FLUDEOXYGLUCOSE F 18 (Page 3 of 4)

12.3 Pharmacokinetics

Distribution: In four healthy male volunteers, receiving an intravenous administration of 30 seconds in duration, the arterial blood level profile for Fludeoxyglucose F 18 decayed triexponentially. The effective half-life ranges of the three phases were 0.2-0.3 minutes, 10-13 minutes with a mean and standard deviation (STD) of 11.6 (±) 1.1 min, and 80-95 minutes with a mean and STD of 88 (±) 4 min.

Plasma protein binding of Fludeoxyglucose F 18 has not been studied.

Metabolism: Fludeoxyglucose F 18 is transported into cells and phosphorylated to [ 18 F]-FDG-6- phosphate at a rate proportional to the rate of glucose utilization within that tissue. [F 18]-FDG-6-phosphate presumably is metabolized to 2-deoxy-2-[F 18]fluoro-6-phospho-D-mannose([F 18]FDM-6-phosphate).

Fludeoxyglucose F 18 Injection may contain several impurities (e.g., 2-deoxy-2-chloro-D-glucose (ClDG)). Biodistribution and metabolism of ClDG are presumed to be similar to Fludeoxyglucose F 18 and would be expected to result in intracellular formation of 2-deoxy-2-chloro-6-phospho-D-glucose (ClDG-6-phosphate) and 2-deoxy-2-chloro-6-phospho-D-mannose (ClDM-6-phosphate). The phosphorylated deoxyglucose compounds are dephosphorylated and the resulting compounds (FDG, FDM, ClDG, and ClDM) presumably leave cells by passive diffusion. Fludeoxyglucose F 18 and related compounds are cleared from non-cardiac tissues within 3 to 24 hours after administration. Clearance from the cardiac tissue may require more than 96 hours. Fludeoxyglucose F 18 that is not involved in glucose metabolism in any tissue is then excreted in the urine.

Elimination: Fludeoxyglucose F 18 is cleared from most tissues within 24 hours and can be eliminated from the body unchanged in the urine. Three elimination phases have been identified in the reviewed literature. Within 33 minutes, a mean of 3.9% of the administrated radioactive dose was measured in the urine. The amount of radiation exposure of the urinary bladder at two hours post-administration suggests that 20.6% (mean) of the radioactive dose was present in the bladder.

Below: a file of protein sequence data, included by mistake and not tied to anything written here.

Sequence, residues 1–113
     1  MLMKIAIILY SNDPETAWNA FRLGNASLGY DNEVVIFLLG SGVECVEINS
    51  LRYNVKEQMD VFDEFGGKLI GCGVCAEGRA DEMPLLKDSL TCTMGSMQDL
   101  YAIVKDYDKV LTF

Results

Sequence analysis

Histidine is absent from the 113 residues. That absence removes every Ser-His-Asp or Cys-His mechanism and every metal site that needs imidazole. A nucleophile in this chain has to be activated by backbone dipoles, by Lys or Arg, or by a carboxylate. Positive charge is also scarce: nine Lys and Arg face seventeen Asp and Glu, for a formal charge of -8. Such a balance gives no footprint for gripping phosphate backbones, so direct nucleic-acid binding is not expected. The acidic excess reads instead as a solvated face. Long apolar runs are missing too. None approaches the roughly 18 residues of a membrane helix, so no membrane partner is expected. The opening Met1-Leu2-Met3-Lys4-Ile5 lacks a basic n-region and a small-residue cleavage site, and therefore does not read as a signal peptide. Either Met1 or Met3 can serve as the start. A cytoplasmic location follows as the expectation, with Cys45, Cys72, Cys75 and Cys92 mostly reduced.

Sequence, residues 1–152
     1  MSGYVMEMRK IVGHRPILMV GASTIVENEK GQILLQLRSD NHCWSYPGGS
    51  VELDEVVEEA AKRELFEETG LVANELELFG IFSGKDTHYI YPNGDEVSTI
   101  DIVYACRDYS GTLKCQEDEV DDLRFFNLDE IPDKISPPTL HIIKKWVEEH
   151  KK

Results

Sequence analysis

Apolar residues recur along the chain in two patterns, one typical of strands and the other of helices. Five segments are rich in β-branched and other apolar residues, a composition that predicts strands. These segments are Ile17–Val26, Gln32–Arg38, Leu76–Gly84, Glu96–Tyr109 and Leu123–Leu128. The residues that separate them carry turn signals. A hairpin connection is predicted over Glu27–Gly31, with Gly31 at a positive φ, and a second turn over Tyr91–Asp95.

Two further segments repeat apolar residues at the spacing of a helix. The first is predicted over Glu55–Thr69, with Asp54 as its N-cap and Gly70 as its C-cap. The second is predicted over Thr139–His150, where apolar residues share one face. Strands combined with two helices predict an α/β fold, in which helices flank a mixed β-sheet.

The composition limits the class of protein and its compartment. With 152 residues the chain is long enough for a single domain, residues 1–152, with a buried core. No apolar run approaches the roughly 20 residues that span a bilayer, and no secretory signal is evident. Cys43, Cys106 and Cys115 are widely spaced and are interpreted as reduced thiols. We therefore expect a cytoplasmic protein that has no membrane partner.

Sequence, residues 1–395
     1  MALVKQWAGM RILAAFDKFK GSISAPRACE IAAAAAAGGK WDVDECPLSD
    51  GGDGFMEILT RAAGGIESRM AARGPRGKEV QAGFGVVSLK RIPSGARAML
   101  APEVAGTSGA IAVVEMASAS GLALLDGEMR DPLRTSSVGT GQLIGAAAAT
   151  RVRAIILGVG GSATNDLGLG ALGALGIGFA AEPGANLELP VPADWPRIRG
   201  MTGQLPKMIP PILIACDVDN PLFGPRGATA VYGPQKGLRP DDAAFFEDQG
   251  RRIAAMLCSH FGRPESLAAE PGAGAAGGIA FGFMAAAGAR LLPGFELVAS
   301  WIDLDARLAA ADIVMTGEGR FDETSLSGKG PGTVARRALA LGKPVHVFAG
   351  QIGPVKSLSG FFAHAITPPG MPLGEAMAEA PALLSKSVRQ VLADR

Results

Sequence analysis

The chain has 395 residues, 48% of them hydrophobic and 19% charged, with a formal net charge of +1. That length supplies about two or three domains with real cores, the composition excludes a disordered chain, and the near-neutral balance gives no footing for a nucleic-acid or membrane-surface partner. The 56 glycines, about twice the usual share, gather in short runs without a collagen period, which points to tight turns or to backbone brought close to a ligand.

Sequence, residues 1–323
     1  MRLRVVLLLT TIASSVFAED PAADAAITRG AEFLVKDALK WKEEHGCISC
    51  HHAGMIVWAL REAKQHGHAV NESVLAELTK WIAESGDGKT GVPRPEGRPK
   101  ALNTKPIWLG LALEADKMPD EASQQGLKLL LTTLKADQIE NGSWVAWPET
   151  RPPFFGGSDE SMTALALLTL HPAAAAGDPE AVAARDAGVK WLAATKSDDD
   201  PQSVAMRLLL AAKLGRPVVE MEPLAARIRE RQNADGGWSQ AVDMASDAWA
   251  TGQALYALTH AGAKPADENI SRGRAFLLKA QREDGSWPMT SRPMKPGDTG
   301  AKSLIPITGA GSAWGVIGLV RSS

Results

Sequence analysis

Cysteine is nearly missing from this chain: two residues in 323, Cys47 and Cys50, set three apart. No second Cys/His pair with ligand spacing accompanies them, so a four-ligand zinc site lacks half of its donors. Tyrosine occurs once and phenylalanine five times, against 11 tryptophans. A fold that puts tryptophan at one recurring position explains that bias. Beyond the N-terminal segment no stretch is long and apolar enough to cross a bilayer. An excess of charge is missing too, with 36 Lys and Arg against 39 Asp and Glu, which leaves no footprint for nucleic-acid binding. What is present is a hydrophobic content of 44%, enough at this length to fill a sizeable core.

Special Populations: The pharmacokinetics of Fludeoxyglucose F 18 Injection have not been studied in renally-impaired, hepatically impaired or pediatric patients. Fludeoxyglucose F 18 is eliminated through the renal system. Avoid excessive radiation exposure to this organ system and adjacent tissues.

The effects of fasting, varying blood sugar levels, conditions of glucose intolerance, and diabetes mellitus on Fludeoxyglucose F 18 distribution in humans have not been ascertained [ see Warnings and Precautions (5.2) ].

13 NONCLINICAL TOXICOLOGY

13.1 Carcinogenesis, Mutagenesis, Impairment of Fertility

Animal studies have not been performed to evaluate the Fludeoxyglucose F 18 Injection carcinogenic potential, mutagenic potential or effects on fertility.

14 CLINICAL STUDIES

14.1 Oncology